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Understanding ESP OpCodes

A unique feature of ESP is the support of database-style operations on ESP Windows through the use of primary keys and OpCodes (short for operation code) on events. Each event going into and coming out of ESP has an OpCode.  The OpCode of the incoming event indicates whether the event is an insert, update or delete operation and is set by the input adapter, based on the type of source and information from that source.  Now in the simplest case, for sources that don’t send updates or deletes, every event is an insert.  In fact, in ESP,  Input Streams only accept insert events. So in the case of streams you can effectively ignore the OpCode, it’s always an “insert” – which doesn’t really have much meaning in the context of a stream, since streams don’t hold state – that is to say they don’t remember information from one event to the next.

 

ESP Windows, however, have a primary key and retain state, and this is where OpCodes come in. OpCodes allow an event to directly modify the contents of a Window.  This means that:

 

  • Insert:  An incoming insert event will add a row to the window (as long as there isn’t already a row in the window with the same primary key value, in which case the insert will be ignored and an error logged)
  • Update:  An incoming update event will update the row in the window with the same primary key value (if no row with that key value exists, the update is ignored and an error is logged)
  • Upsert:  An incoming upsert event will update the row in the window with the same primary key value if one exists; if not it will insert a row to the window
  • Delete:  A delete event will delete the row in the window with the same primary key value (if no such row exists, the delete event will cause an error to be logged)
  • SafeDelete:  A safedelete event will delete the row with the same primary key value if it exists, but if not the event will just be ignored without producing an error

 

Adapters vary in their capabilities for managing opcodes. For example, some adapters accept events from the source without an opcode, and will then set the opcode for all events streamed into ESP as inserts. Some of the output adapters have configuration properties that let you receive all opcodes, or can operate in “DataWarehouse” mode where they convert updates and upserts to inserts and ignore deletes.

 

Streams only support insert events. Any attempt to publish an event with an opCode other than insert to an ESP input stream will result in an error. And the output from any ESP Stream will only contain insert events. Windows, however, can receive events with any opCode, and the output events from a Window may contain any OpCode.

 

Examples


In this example, window1 receives temperature readings from a sensor.  The sensor sends simple messages that don’t contain opcodes; the adapter sends all incoming events into window1 as inserts, and the window is keyed on the timestamp of each event:

 

image001.png


Note that if the event at T3 has a timestamp of …3.30 it would have been rejected and not added to the window, since each row in the window must have a unique key value.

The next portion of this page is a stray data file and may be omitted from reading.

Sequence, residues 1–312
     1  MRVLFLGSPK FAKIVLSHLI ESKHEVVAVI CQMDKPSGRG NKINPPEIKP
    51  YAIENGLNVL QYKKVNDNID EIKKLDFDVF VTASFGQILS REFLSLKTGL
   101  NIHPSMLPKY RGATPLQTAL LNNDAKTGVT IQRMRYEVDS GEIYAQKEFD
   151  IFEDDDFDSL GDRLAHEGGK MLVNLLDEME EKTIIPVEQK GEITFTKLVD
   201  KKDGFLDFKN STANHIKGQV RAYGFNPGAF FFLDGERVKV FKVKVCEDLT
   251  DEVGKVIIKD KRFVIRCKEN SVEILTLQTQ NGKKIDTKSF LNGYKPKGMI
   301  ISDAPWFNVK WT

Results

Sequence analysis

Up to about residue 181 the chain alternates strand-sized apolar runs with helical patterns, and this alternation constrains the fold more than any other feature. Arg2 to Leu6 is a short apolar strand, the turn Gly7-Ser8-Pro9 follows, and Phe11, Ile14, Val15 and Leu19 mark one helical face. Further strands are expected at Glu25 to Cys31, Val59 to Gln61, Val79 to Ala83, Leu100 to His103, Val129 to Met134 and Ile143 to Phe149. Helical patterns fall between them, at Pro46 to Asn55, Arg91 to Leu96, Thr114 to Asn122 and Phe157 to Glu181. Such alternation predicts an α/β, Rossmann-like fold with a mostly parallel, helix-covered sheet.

Now let’s say you have window2 that receives prices from a stock ticker as upserts, and the window is keyed by symbol. In this case the window will only keep the most recent value for each symbol.  You would see the following:

 

image002.png
 
How OpCodes Affect Aggregation


So let’s look at how opCodes affect an aggregation window:

 

image003.png

And to take this a step further, the KEEP clause on InputWindowA will generate deletes as events “time out” after 30 minutes.  So if we fast forward the clock, and no more events are received, 30 minutes after T1 we will see message 1 get deleted, which removes it from the aggregation causing an update to the aggregate value:

 

image004.png

 

Try it yourself


The best way to really get comfortable with opCodes is to experiment. The ESP Studio makes it easy. Just set up a simple model, run it, and then use the Manual Input tool to send in events with different opCodes to see what happens.


You can use the Stream Viewer in the ESP Studio to see how each Window changes.  You can also use the Event Tracer in the Studio to see how each window is affected by the event. In the ESP Studio, after starting the project, just connect the Event Tracer in the Run/Test perspective to the project, and then use the Manual Input tool to send in some events. The color coding in the Event Tracer will indicate the opCode of the record emitted by each window, and if you double click on a window in the Event Tracer it will dump the contents, including the opCode, to the Studio console.


Below is the CCL for the aggregation example above – you can copy it and paste it into the CCL editor in the ESP studio if you want to get started quickly. 

 

 

CREATE INPUT WINDOW InputWindowA
  SCHEMA ( Seq integer , Cat string , Value integer )
  PRIMARY KEY ( Seq )
  KEEP 30 MIN ;

 

CREATE OUTPUT WINDOW Average
  PRIMARY KEY DEDUCED
  AS SELECT
    InputWindowA.Cat Cat ,
    avg ( InputWindowA.Value ) Avg
  FROM InputWindowA
  GROUP BY InputWindowA.Cat ;

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